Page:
Bacillary angiomatosis: a newly characterized, pseudoneoplastic, infectious, cutaneous vascular disorder

J Am Acad Dermatol. 1990 Mar;22(3):501-12. doi: 10.1016/0190-9622(90)70071-o.


Bacillary angiomatosis (also called epithelioid angiomatosis) is a newly recognized disease most often characterized by a cutaneous infection with reddish papules of vascular origin. It is caused by a weakly reactive gram-negative bacillus, which can be easily demonstrated in tissue sections with the Warthin-Starry stain. Bacillary angiomatosis usually responds readily to treatment with oral erythromycin, 250 to 500 mg, taken four times a day for 2 weeks to 1 month. Because the skin is the most common site of involvement, it is important that the dermatologist recognize this unusual condition. It is essential that treatment be started as soon as possible because deaths may result from visceral and mucosal involvement. The clinical, histologic, and microbiologic aspects of bacillary angiomatosis are discussed and depicted in detail and speculations regarding the pathogenesis are rendered.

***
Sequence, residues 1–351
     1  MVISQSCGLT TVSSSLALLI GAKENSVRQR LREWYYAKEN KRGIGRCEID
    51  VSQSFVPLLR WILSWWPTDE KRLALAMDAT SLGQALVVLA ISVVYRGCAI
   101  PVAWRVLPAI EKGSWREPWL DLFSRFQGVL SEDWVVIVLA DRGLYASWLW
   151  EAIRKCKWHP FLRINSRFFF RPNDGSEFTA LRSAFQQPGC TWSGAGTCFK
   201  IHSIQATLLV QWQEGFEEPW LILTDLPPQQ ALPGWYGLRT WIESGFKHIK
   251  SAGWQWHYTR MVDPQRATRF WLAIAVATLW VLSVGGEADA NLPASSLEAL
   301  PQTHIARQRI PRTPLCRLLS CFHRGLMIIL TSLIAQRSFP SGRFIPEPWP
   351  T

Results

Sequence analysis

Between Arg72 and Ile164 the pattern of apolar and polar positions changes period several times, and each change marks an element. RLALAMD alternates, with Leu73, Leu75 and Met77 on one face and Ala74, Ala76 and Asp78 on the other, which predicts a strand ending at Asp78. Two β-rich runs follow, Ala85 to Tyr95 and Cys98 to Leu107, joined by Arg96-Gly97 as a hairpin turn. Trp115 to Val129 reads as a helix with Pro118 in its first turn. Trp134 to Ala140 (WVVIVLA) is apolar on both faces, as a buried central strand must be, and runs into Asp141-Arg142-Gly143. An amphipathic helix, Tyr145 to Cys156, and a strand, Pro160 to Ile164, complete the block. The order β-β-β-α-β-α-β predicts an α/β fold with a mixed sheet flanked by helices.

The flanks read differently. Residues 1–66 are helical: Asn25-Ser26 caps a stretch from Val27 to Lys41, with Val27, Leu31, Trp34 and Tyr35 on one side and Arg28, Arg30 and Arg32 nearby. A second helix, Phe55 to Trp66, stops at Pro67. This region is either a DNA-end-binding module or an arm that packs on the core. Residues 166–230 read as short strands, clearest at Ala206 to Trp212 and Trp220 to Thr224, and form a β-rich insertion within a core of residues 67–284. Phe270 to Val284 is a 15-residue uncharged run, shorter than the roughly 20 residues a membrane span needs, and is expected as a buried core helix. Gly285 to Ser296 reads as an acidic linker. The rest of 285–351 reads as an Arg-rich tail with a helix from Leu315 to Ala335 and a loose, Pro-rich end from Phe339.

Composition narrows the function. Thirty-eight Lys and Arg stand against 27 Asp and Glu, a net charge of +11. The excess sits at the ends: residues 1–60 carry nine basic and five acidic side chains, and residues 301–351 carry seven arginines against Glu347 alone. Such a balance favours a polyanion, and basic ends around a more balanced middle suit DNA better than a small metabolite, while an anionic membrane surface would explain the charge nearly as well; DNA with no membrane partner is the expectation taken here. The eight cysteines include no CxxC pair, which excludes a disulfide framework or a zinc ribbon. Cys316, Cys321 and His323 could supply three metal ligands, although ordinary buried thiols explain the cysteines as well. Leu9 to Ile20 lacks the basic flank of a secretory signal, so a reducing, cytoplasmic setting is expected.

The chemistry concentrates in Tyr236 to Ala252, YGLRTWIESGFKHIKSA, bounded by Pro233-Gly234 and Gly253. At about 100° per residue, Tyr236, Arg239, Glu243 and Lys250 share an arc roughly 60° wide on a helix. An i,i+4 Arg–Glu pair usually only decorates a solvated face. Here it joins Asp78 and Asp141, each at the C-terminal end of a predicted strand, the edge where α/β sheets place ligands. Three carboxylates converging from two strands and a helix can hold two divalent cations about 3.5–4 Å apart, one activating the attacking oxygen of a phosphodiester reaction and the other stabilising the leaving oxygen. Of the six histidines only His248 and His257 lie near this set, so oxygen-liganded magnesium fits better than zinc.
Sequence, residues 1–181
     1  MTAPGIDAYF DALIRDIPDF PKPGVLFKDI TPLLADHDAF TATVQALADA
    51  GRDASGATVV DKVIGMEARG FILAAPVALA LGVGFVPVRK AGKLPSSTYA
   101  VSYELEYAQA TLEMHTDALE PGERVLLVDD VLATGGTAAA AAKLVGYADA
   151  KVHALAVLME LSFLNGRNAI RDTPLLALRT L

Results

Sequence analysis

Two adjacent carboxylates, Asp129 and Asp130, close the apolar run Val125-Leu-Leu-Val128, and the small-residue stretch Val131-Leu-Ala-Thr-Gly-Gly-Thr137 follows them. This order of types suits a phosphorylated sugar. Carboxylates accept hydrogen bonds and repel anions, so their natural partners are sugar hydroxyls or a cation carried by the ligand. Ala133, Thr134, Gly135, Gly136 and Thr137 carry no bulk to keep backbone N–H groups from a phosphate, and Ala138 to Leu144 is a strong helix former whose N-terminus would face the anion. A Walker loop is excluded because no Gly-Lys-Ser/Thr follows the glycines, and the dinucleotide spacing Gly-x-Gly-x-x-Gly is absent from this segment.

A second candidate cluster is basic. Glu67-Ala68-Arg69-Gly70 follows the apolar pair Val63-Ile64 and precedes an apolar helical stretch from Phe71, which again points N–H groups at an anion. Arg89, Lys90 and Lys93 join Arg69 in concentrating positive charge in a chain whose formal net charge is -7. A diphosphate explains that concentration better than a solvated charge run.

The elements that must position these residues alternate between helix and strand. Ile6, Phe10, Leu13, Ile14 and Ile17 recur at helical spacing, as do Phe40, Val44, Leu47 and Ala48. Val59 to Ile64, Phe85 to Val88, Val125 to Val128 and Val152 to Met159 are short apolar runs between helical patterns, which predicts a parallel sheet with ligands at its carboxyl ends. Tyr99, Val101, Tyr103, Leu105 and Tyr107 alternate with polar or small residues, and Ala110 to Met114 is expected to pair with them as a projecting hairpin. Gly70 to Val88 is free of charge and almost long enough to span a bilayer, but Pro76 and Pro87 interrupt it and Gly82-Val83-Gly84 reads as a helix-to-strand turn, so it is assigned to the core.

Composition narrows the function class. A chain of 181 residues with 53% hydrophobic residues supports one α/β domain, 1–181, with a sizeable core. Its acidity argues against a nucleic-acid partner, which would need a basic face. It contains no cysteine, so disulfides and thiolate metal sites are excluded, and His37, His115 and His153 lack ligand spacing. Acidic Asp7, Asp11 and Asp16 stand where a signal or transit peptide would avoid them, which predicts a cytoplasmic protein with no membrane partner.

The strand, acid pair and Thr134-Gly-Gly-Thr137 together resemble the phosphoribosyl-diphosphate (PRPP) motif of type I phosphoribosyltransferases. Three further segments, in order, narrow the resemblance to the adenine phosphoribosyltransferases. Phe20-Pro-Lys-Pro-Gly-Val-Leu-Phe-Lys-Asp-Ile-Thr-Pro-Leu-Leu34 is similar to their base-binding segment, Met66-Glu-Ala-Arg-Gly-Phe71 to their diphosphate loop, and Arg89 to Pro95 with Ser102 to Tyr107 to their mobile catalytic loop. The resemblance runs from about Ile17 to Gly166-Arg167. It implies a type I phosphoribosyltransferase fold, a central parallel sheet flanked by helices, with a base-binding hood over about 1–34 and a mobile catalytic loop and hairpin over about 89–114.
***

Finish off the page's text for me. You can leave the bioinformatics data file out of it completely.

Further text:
Publication types

  • Review

MeSH terms

  • Angiomatosis / drug therapy
  • Angiomatosis / etiology
  • Angiomatosis / pathology*
  • Cell Differentiation
  • Diagnosis, Differential
  • Erythromycin / administration & dosage
  • Erythromycin / therapeutic use
  • HIV Infections / complications*
  • Humans
  • Neutrophils / pathology
  • Skin Diseases, Infectious / drug therapy
  • Skin Diseases, Infectious / etiology
  • Skin Diseases, Infectious / pathology*
  • Skin Neoplasms / drug therapy
  • Skin Neoplasms / etiology
  • Skin Neoplasms / pathology*


  • Erythromycin